A couple of weeks ago, in preparation for the Seale-Lily Drive In post, I was doing some sleuthing around the internet for anything having to do with Seale-Lily Ice Cream, and I came upon this large advertisement in a March 1937 Clarion-Ledger for the then-new Seale-Lily on West Capitol Street. The photo of the Seale-Lily interior could qualify this post for the Going Inside series, but instead I was struck by the advertiser, Westbrook Manufacturing Company, a name I have seen here and there in many articles about new buildings but never really paid much attention to.
This modern and inviting new ice cream store is the result of an effort to give you the finest of it’s [sic] kind in the south. WESTBROOK QUALITY FIXTURES enhance it’s [sic!] beauty and efficiency throughout . . . fixtures that were made right here in Jackson in our plant, where Jackson workers, week after week, receive many thousands of dollars annually . . . and spend them with Jackson merchants–It’s a good reason why Mississippi merchants when buying fixtures should buy fixtures made by . . .
Westbrook Manufacturing Company
Westbrook wasn’t exagerating about its role as a local manufacturer. It was founded in 1906 and had its plant on South Jefferson Street at South Street.
Unfortunately, I’ve searched high and low in the newspapers for a photograph of the Westbrook plant, but have come up empty. I did find that the plant burned to the ground in a suspected arson fire in April 1911, and it was immediately rebuilt. I was surprised when looking at the Sanborn map above (the original is color-coded to show building materials) that after such a destructive fire, the plant was rebuilt out of wood rather than something less prone to fire, like brick.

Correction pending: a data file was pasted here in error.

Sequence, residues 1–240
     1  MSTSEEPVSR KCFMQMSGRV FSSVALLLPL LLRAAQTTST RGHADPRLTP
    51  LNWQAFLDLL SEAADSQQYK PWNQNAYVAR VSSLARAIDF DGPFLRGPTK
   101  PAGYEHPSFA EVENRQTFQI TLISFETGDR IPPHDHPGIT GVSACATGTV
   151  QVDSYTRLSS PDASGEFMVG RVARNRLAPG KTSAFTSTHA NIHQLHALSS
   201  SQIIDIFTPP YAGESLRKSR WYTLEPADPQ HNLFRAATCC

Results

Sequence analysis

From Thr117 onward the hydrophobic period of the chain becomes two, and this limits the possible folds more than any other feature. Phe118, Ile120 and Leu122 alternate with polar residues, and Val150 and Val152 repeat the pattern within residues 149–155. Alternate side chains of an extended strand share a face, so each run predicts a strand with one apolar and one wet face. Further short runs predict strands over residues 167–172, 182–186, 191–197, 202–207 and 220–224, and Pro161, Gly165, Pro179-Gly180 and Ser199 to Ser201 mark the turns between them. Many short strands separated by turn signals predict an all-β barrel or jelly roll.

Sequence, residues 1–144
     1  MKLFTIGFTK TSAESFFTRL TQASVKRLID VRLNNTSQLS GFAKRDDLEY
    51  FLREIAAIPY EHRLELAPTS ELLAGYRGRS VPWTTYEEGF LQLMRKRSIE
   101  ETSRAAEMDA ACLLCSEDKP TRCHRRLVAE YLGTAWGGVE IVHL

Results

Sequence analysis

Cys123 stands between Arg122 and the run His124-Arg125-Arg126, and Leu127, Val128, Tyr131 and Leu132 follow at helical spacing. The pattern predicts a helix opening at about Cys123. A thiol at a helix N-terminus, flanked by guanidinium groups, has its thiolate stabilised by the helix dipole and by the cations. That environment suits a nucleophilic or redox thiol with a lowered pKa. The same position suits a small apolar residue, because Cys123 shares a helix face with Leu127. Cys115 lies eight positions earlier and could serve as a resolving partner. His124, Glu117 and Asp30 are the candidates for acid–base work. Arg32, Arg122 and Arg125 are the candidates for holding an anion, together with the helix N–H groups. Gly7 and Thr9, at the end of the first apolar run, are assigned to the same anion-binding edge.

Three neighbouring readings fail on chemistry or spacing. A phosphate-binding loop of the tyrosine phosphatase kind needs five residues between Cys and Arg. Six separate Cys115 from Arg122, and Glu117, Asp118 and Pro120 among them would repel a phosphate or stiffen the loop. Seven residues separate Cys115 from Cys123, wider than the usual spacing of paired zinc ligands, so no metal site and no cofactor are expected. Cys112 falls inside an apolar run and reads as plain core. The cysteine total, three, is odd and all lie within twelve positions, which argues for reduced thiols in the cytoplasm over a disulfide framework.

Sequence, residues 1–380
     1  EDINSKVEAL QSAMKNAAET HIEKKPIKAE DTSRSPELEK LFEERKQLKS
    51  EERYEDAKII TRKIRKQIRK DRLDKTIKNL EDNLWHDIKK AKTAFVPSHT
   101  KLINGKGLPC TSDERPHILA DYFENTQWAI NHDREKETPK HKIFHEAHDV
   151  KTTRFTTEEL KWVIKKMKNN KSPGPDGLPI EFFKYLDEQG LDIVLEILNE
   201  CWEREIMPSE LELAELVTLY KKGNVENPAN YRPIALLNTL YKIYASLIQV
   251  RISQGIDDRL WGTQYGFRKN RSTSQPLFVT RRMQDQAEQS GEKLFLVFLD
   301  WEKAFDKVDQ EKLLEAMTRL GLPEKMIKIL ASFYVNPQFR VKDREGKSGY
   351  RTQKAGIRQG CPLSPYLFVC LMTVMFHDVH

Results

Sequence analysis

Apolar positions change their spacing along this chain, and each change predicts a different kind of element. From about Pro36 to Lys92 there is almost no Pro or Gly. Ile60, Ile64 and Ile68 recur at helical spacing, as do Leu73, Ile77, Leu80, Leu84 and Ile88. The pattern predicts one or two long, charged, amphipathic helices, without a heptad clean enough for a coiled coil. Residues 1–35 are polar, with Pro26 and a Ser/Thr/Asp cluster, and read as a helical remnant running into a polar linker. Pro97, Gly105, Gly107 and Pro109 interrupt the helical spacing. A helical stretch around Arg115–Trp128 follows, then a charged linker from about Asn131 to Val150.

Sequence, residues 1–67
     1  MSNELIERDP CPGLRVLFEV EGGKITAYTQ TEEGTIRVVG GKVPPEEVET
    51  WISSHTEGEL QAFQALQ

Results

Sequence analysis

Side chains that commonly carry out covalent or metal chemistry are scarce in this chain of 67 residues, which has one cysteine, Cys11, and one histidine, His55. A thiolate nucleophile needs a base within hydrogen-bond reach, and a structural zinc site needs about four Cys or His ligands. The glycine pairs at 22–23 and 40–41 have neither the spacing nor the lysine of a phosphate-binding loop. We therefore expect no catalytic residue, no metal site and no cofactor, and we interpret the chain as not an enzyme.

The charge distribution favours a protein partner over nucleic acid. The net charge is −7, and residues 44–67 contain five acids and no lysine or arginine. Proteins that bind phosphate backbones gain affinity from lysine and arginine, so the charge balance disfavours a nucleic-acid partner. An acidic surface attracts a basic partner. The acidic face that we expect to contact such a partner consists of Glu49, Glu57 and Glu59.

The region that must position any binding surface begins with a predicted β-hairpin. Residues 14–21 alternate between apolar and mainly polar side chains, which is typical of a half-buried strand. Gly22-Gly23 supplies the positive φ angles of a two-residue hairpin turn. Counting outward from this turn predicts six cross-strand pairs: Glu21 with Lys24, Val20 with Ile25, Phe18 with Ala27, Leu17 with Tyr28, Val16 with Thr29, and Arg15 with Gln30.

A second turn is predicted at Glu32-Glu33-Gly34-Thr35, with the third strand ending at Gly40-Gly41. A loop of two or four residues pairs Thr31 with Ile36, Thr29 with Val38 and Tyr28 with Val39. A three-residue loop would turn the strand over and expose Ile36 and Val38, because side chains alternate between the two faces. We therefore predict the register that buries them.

This March 1988 article in the Clarion-Ledger, a sad article about the impending closure of this longtime Jackson industry, gives some good information about the business and how it switched in the 1920s from a millwork operation to a fixtures manufacturer. The list of Westbrook’s best-known customers is also sad–more longtime Jackson institutions that have now vanished, either from being bought out like the late, lamented Deposit Guaranty, or moved out, like Primos. I wonder if even the Rankin County Correctional Facility still has its Westbrook fixtures?
As for the W. Capitol Seale-Lily Ice Cream Parlor at 832 W. Capitol, the building is still standing, miraculously, across from Poindexter Park. But it’s been vacant for as long as I can remember, and I wonder what ever became of the Westbrook fixtures that were so snazzy back in 1937?